Pedals and Passion: An Interview with Adam Franklin of Swervedriver
Swervedriver, a quartet out of Oxford, England, began connecting to music fans the world over with a collection of singles that culminated in the release of their debut album Raise in late 1991. Their music videos were played on MTV, and for those that stayed up late on Sunday nights to watch 120 Minutes, minds were blown, plans were made, instruments were picked up, bands were conceived, and a new favorite band was found.
Swervedriver‘s genius was found in their combination of noisy, textured guitars that chugged along like the sounds of a revving muscle car engine then took off on flights of guitar hero fantasy that sparked our imaginations. Singer/guitarist Adam Franklin sang tales of alienation, hope and dreams and getting in a car and driving just for the shear adventure of it all.
In September of 2017 Swervedriver will return to the States for a short tour where they will perform Raise and revered follow-up Mezcal Head from beginning to end, treating fans to songs never heard live before or in many years. Something Franklin seems excited about, to relearn songs originally written over 20 years ago and to breathe new life into them. The band is also working on a new album for release in late 2018, something their fans are truly looking forward to with anticipation.
While Adam Franklin prepared for the tour, we spoke about new pedals, revisiting old songs and performing with lifelong friends.
You’ve got Mick Quinn on bass for the tour, will he be on the new album?
It looks like he will be, yeah. He’s gonna be hanging out in Australia at the end of the year but we’re gonna be getting some work in before then so we’ll see how it goes.
What progress have you made on the album? I’m excited about that.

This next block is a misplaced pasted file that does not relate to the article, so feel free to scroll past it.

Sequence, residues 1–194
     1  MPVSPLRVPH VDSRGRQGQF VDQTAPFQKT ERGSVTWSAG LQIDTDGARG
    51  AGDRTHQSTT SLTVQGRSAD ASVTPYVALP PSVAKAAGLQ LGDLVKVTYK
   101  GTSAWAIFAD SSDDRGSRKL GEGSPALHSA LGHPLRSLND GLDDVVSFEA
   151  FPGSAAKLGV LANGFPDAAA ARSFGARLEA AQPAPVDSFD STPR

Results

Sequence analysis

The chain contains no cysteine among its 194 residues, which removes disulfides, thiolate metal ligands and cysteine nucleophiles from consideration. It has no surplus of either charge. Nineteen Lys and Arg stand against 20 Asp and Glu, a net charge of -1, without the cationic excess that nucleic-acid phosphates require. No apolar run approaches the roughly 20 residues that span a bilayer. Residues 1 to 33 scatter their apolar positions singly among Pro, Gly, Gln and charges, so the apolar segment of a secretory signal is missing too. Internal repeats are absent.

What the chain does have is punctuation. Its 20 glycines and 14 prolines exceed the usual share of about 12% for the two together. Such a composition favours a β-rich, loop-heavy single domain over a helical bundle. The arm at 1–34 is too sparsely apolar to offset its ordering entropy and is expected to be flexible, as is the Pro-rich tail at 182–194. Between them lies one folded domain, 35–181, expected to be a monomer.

It’s yet to be recorded, but we’re working on it. We’ve just launched this Pledge campaign which is how we’re going to do it this time and hopefully have an album out.. well I won’t quote an exact date! I did an interview recently about the Bowie-Motorhead 7-inch single and then was asked what was going on with Swervedriver and I said “we’re looking to record another album” and then the title of the piece became “Swervedriver are recording another album” so it was suddenly cast in stone, in black and white! But 2018 for sure.
That’s funny that you mentioned your single because around the same day or two was released a video for Motörhead’s cover of David Bowie’s Heroes, from a covers album coming out soon. I’m also hearing a song from you that sounds eerily familiar and then I hear the lyrics for Thursday’s Child.
Motörhead’s cover of Heroes, it’s not bad. I guess they recorded it for some album session and it just remained in the can all these years, as they say. I thought it was interesting that Lemmy had done that. Along with the fact that Lemmy and Bowie died within a few weeks of each other there was also a photograph of them together but it turned out to be a photograph that somebody mocked up, a fake photograph.